What is Nucleotide?
A nucleotide that contains a nitrogenous base, a pentose sugar, and a phosphate group in its structure is the basic building block of nucleic acids − deoxyribonucleic acid (DNA) and ribonucleic acid (RNA). Nucleotides are organic biopolymers that can be synthesized in our bodies and are essential for our life.
Purine and pyrimidine nucleotides are the main structural components of DNA, RNA, and some coenzymes of B vitamins. They are the monomeric units of nucleic acid (DNA and RNA) and coenzymes.
A nucleotide is a biomolecule that contains three units that are covalently linked to each other. The three units are
- Nitrogenous bases: Purine and Pyrimidine
- Pentose Sugar: Ribose and Deoxyribose
- Phosphate: monophosphate, diphosphate, or triphosphate
The atoms of the purine ring are numbered from 1 to 9 and for pyrimidine from 1 to 6. The pentose sugar is represented by 1′ to 6′.
The nitrogenous bases found in nucleotides of DNA and RNA are two types−purines and pyrimidines. The nitrogenous bases purines are numbering in the anticlockwise direction while pyrimidines are numbering in the clockwise direction.
Purine Bases: Purines are the heterocyclic aromatic organic compound that contains a pyrimidine ring fused with an imidazole ring. Purine bases (guanine and adenine) form corresponding nucleotides deoxyguanylate and deoxyadenylate with deoxyribose and phosphate groups. These nucleotides are the basic building blocks of nucleic acids (DNA and RNA).
Pyrimidine Bases: Cytosine (C), thymine (T), and uracil (U) are three pyrimidine bases that are used in the biological process for the formation of DNA and RNA nucleotides. Pyrimidine is a heterocyclic organic compound that has a six-membered ring with two nitrogen atoms at positions 1 and 3 in the ring.
The nucleic acids (DNA and RNA) contain the same purine bases namely adenine (A) and guanine (G). Further, the pyrimidine base cytosine (C) is located in the nucleotide of DNA and RNA.
However, the nucleic acid differs with respect to the second pyrimidine base. DNA contains thymine (T) whereas RNA contains uracil (U) in its nucleotide. The thymine and uracil differ in structure by the presence or absence of a methyl group.
A nucleotide of DNA (deoxyribonucleic acid) contains pentose sugar deoxyribose while RNA (ribonucleic acid) contains ribose sugar.
Ribose and deoxyribose differ from each other by the presence or absence of the hydroxyl group on the 2′ carbon. Ribose sugar has a hydroxyl group at 2′ carbon while deoxyribose does not contain such hydroxyl group at 2′ carbon.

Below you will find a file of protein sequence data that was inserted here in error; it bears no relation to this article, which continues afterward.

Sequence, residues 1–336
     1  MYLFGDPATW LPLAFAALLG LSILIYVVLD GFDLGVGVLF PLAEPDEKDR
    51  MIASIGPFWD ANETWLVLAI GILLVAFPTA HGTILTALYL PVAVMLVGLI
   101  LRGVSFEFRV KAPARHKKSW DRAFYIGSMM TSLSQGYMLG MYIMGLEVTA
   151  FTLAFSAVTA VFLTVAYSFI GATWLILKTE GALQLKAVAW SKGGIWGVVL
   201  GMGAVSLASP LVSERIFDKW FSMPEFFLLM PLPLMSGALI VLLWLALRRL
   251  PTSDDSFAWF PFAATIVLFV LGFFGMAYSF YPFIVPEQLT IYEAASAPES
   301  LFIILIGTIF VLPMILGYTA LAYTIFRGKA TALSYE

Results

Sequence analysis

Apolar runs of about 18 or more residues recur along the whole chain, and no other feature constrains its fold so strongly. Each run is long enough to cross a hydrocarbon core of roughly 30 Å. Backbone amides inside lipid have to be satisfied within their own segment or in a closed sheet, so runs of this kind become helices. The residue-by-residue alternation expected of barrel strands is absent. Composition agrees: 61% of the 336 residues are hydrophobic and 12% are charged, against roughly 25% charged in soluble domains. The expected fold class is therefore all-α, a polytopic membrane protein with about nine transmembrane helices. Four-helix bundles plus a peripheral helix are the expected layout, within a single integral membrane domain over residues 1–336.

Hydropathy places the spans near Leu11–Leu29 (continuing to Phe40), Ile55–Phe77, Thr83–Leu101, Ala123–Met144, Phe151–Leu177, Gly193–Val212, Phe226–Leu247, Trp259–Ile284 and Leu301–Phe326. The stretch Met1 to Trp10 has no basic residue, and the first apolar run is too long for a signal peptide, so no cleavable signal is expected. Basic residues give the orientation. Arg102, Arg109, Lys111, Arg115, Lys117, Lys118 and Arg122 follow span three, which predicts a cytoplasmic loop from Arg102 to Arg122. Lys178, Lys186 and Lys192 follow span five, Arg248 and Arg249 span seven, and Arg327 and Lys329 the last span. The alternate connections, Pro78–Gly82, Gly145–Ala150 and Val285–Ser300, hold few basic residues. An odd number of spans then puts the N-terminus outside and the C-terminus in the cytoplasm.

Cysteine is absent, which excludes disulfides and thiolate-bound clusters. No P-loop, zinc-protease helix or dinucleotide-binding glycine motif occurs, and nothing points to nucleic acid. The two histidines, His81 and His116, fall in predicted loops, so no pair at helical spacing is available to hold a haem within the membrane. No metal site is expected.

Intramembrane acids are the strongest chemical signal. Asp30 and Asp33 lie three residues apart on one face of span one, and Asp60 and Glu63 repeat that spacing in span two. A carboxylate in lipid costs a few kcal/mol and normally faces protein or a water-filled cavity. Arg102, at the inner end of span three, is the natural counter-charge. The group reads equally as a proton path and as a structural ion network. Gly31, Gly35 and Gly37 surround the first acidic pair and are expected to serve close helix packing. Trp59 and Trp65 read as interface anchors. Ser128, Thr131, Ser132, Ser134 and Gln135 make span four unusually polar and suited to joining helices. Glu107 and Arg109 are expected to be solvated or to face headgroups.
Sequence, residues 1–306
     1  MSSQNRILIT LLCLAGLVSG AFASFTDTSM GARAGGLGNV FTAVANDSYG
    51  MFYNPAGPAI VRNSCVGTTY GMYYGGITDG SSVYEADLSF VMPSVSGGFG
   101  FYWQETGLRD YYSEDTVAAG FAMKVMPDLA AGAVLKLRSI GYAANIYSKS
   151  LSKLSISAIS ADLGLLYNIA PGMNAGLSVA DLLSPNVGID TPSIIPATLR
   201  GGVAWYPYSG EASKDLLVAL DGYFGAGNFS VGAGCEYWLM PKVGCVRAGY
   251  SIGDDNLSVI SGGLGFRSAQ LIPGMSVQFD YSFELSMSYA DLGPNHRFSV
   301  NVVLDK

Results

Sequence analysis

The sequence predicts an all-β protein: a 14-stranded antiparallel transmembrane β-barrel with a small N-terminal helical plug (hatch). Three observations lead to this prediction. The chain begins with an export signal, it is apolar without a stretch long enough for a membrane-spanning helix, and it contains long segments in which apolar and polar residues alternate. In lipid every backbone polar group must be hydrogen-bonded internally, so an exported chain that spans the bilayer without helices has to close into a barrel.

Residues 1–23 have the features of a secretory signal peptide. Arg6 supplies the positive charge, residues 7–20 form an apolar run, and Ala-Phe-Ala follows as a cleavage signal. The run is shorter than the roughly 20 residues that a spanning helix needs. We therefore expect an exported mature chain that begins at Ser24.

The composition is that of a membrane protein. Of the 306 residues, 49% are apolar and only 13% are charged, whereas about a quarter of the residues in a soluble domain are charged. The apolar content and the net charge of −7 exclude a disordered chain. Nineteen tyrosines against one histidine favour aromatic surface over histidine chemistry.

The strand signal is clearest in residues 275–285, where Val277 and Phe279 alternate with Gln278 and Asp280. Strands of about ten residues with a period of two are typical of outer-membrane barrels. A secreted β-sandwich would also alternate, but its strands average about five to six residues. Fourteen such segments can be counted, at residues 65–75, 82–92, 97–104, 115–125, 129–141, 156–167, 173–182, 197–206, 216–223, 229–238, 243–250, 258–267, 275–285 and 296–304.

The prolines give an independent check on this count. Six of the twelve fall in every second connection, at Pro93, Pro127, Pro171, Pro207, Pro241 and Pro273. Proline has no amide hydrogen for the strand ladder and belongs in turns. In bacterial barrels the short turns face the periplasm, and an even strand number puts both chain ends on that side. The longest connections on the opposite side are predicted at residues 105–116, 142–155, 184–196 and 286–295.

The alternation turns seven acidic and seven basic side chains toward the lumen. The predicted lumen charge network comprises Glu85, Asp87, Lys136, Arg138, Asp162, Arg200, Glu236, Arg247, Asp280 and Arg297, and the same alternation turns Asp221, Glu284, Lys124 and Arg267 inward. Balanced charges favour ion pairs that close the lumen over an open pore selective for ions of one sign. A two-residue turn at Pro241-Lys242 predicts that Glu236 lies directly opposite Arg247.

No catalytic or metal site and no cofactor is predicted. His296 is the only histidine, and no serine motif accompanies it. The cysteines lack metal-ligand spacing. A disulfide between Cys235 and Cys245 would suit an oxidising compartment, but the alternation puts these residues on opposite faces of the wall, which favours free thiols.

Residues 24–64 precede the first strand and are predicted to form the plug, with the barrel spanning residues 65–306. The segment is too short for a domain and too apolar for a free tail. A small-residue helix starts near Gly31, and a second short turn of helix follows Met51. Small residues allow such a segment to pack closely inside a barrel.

The pentoses are bound to nitrogenous bases by glycosidic bonds. For example, the 9 position of a purine ring binds with 1′ position of a pentose sugar to form a covalent bond in the purine nucleoside. In the case of pyrimidine nucleosides, the glycosidic linkage is between the 1 position of pyrimidine and the 1′ position of a pentose sugar.
The phosphate group interlinks the sugar molecules of two nucleotides of DNA and RNA to form a chain. Therefore, polynucleotides and the phosphate chain form the backbone of polynucleotides of DNA and RNA.
Nucleotides of DNA
The DNA molecule contains two long-chain polymers of polynucleotide. DNA contains four types of nucleotide subunits deoxyadenylate (dAMP), deoxyguanylate (dGMP), and deoxycytidylate (dCMP) in its structure.
The nucleosides and nucleotides of DNA are given below in the table
|Nucleosides and nucleotides of DNA
|Deoxyadenosine 5′ monophosphate
|Deoxyguanosine 5′ monophosphate
|Deoxycytidine 5′ monophosphate
|Deoxythymidine 5′ monophosphate
Structure of DNA Nucleotide
The three-dimensional structure of DNA or the double helix comes from the chemical and structural features of its two polynucleotide chains held together by hydrogen bonding between the bases of the different strands. These types of hydrogen bonding of polynucleotide chains or DNA chains form complementary base pairs.
The A−T pair contains 2 hydrogen bonds while the G−C pair contains 3 hydrogen bonds. Therefore, hydrogen bonds are formed between purine and pyrimidine only.
If two purine bases face each other, they do not fit into the allowable space, and two pyrimidine bases are too far to form hydrogen bonding. Therefore, the only base arrangement possible in DNA structure is A−T, T−A, G−C, and C−G. All the bases in DNA are present inside the double helix and the sugar-phosphate backbones are on the outside.
Nucleotides of RNA
Ribonucleic acid (RNA) is a polymer of nucleotides held together by 3′,5’−phosphodiester bridges. RNA has certain similarities with DNA but they also show certain differences in their structure. RNA chemically differs from DNA in respect to pentose sugar and pyrimidine bases.
- Pentose: The sugar in RNA nucleotide is ribose in contrast to deoxyribose in DNA.
- Pyrimidine: RNA nucleotide contains the pyrimidine uracil in place of thymine.
The ribonucleosides and ribonucleotides of RNA are given below in the table,
|Nucleosides and nucleotides of DNA
|Adenosine 5′ monophosphate
|Guanosine 5′ monophosphate
|Cytidine 5′ monophosphate
|Uridine 5′ monophosphate
Structure of RNA Nucleotide
A nucleotide of RNA is the basic building block of RNA structure. It contains a ribose sugar, a phosphate, and one of the four nitrogenous bases (adenine, guanine, cytosine, and uracil).
Most RNA molecules are single-stranded but base pairing via hydrogen bonds is the basis of the secondary structure of RNA molecule. Therefore, some RNA molecules may contain double-stranded regions formed by complementary base pairing.
For example, ribosomal RNA (rRNA) and transfer RNA (tRNA) exhibit double-stranded regions in their secondary structure.
Two types of base pairing are possible in RNA secondary structure adenine and uracil (A-U) and cytosine and guanine (C-G). The adenine and uracil pair contain two hydrogen bonds while three bonds form between the cytosine and guanine pair.
Nucleoside to Nucleotide
The addition of pentose sugar to a nitrogenous base produces a nucleoside.
- If pentose sugar is ribose, ribonucleosides are formed. Adenosine, guanosine, cytidine, and uridine are ribonucleosides of adenine, guanine, cytosine, and uracil respectively.
- If pentose sugar is deoxyribose, deoxyribonucleosides are formed. Deoxyadenosine, deoxyguanosine, deoxycytidine, and deoxythymidine are deoxyribonucleosides of adenine, guanine, cytosine, and thymine respectively.
The term mononucleotide is used when a single phosphate moiety is added to nucleoside. Therefore, adenosine monophosphate (AMP) contains adenine + ribose + phosphate.
The terms dinucleotide and trinucleotide are used on the basis of a number of phosphate groups attached to the nucleoside. For example, adenosine diphosphate (ADP) and adenosine triphosphate (ATP) contain two and three phosphate groups on adenosine nucleoside.
Synthesis of Nucleotide
Nucleotides are the monomers that contain a sugar, a phosphate, and a nitrogenous base. It polymerizes to produce nucleic acids (DNA and RNA). The bases present in nucleic acids are either purines or pyrimidines.